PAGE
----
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UMOUNT(2)			    Linux Programmer's Manual				UMOUNT(2)

       umount, umount2 - unmount file system

       #include <sys/mount.h>

       int umount(const char *target);

       int umount2(const char *target, int flags);

       umount()  and umount2() remove the attachment of the (topmost) file system mounted on tar-

       Appropriate privilege (Linux: the CAP_SYS_ADMIN capability) is required	to  unmount  file

       Linux  2.1.116  added  the umount2() system call, which, like umount(), unmounts a target,
       but allows additional flags controlling the behavior of the operation:

       MNT_FORCE (since Linux 2.1.116)
	      Force unmount even if busy.  This can cause data loss.  (Only for NFS mounts.)

       MNT_DETACH (since Linux 2.4.11)
	      Perform a lazy unmount: make the mount point  unavailable  for  new  accesses,  and
	      actually perform the unmount when the mount point ceases to be busy.

       MNT_EXPIRE (since Linux 2.6.8)
	      Mark the mount point as expired.	If a mount point is not currently in use, then an
	      initial call to umount2() with this flag fails with the error EAGAIN, but marks the
	      mount  point  as	expired.   The	mount  point  remains expired as long as it isn't
	      accessed by any process.	A second umount2() call specifying MNT_EXPIRE unmounts an
	      expired  mount  point.   This  flag  cannot  be  specified with either MNT_FORCE or

       UMOUNT_NOFOLLOW (since Linux 2.6.34)
	      Don't dereference target if it is a symbolic link.  This flag allows security prob-
	      lems  to	be  avoided in set-user-ID-root programs that allow unprivileged users to
	      unmount file systems.

       On success, zero is returned.  On error, -1 is returned, and errno is set appropriately.

       The error values given below result from file-system type independent errors.   Each  file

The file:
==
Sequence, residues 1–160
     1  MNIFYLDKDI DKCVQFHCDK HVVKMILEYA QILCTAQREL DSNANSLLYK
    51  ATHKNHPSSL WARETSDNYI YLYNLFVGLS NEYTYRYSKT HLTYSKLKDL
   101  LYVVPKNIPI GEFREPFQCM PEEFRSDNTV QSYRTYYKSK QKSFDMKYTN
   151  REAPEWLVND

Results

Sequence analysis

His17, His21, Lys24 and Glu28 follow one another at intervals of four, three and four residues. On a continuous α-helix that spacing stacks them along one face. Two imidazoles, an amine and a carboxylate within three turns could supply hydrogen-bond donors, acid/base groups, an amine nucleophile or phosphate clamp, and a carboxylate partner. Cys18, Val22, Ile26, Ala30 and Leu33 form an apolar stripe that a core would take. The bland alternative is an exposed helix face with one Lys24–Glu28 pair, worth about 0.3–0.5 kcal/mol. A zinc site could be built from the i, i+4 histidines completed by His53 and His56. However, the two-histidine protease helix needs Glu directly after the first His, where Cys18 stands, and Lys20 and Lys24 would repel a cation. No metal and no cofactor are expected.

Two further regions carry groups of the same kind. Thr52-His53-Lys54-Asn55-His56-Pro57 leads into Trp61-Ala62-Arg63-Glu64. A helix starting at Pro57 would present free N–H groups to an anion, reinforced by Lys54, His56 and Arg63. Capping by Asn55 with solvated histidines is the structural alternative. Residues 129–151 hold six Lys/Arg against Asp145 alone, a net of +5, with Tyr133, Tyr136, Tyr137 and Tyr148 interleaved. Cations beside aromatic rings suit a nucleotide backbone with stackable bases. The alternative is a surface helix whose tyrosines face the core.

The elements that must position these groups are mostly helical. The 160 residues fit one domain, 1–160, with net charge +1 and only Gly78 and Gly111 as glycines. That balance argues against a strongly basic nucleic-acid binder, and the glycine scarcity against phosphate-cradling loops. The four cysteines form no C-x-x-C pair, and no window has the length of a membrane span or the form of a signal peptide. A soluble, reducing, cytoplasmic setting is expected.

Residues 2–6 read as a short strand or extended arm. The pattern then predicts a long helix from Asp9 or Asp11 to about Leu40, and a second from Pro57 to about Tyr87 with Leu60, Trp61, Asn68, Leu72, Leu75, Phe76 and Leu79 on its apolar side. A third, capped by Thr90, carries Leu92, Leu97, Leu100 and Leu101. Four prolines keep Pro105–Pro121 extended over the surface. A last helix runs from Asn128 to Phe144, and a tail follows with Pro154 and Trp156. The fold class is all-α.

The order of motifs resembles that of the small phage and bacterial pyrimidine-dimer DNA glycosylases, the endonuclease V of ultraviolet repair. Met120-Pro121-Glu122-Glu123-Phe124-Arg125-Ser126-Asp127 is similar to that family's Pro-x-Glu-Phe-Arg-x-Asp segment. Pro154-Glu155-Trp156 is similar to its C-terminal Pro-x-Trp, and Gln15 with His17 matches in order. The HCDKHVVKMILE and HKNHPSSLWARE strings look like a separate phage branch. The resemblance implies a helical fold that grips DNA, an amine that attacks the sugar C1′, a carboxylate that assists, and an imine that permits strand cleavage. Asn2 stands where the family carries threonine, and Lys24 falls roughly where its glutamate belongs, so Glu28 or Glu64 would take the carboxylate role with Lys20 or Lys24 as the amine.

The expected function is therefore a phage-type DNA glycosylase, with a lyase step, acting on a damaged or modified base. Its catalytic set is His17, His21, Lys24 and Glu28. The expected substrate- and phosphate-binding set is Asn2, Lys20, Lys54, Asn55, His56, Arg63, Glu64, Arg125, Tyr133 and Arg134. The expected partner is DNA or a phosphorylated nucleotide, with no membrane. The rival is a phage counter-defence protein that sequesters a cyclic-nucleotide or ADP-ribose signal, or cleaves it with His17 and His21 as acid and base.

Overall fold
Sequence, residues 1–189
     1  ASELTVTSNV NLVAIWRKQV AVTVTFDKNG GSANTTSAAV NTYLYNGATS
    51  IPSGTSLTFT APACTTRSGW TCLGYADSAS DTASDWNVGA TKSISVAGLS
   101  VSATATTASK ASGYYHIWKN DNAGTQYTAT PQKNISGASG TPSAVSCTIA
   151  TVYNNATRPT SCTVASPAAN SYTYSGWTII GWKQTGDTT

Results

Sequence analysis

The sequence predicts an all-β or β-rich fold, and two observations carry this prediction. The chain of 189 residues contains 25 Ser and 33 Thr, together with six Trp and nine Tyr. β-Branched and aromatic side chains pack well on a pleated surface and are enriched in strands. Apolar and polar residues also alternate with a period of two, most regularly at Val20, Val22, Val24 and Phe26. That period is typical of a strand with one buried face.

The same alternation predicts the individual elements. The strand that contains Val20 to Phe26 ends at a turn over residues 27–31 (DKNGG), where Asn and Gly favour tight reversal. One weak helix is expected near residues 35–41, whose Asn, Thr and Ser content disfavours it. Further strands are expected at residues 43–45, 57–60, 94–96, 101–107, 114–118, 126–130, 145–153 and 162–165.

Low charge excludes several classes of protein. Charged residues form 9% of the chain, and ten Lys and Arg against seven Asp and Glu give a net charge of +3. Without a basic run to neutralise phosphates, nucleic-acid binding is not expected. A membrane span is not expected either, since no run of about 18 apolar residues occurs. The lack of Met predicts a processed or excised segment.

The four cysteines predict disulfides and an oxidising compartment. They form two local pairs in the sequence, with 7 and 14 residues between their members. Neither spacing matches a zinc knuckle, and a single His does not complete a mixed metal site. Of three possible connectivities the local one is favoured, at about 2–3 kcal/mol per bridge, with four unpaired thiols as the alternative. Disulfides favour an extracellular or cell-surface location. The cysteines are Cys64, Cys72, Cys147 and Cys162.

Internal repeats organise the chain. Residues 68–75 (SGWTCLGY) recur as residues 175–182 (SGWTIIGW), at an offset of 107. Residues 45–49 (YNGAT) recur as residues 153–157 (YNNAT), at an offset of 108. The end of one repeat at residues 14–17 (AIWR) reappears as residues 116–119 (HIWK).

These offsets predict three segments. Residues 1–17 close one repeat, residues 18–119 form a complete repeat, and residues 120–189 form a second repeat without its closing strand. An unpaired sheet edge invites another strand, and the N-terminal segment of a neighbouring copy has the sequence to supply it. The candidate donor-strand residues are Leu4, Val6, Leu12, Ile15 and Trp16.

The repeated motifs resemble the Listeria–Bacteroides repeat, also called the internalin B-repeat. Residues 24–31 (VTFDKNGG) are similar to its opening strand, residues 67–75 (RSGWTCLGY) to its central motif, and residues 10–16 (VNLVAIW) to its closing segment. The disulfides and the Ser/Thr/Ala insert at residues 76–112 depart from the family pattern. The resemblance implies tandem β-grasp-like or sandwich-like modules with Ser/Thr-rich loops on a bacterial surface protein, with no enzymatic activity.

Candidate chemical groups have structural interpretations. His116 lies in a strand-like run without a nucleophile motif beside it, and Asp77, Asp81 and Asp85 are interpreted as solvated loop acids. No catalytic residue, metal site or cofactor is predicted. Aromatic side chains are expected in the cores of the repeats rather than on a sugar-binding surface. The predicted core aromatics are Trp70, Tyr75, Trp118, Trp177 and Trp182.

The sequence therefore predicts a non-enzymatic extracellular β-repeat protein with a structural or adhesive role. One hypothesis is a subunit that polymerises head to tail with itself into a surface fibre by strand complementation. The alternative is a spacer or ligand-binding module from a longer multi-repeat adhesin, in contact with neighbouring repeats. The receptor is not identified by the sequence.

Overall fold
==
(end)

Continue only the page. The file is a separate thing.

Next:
system  type  may have its own special errors and its own special behavior.  See the Linux
       kernel source code for details.

       EAGAIN A call to umount2() specifying MNT_EXPIRE successfully marked an unbusy file system
	      as expired.

       EBUSY  target could not be unmounted because it is busy.

       EFAULT target points outside the user address space.

       EINVAL target  is  not a mount point.  Or, umount2() was called with MNT_EXPIRE and either

	      A pathname was longer than MAXPATHLEN.

       ENOENT A pathname was empty or had a nonexistent component.

       ENOMEM The kernel could not allocate a free page to copy filenames or data into.

       EPERM  The caller does not have the required privileges.

       MNT_DETACH and MNT_EXPIRE are available in glibc since version 2.11.

       These functions are Linux-specific and should not be used in programs intended to be  por-

       The  original umount() function was called as umount(device) and would return ENOTBLK when
       called with something other than a block device.  In Linux 0.98p4 a call  umount(dir)  was
       added,	in   order   to  support  anonymous  devices.	In  Linux  2.3.99-pre7	the  call
       umount(device) was removed, leaving only umount(dir) (since now devices can be mounted  in
       more than one place, so specifying the device does not suffice).

       mount(2), path_resolution(7), mount(8), umount(8)

       This  page  is  part of release 3.53 of the Linux man-pages project.  A description of the
       project,    and	  information	 about	  reporting    bugs,	can    be    found     at

Linux					    2010-06-19					UMOUNT(2)
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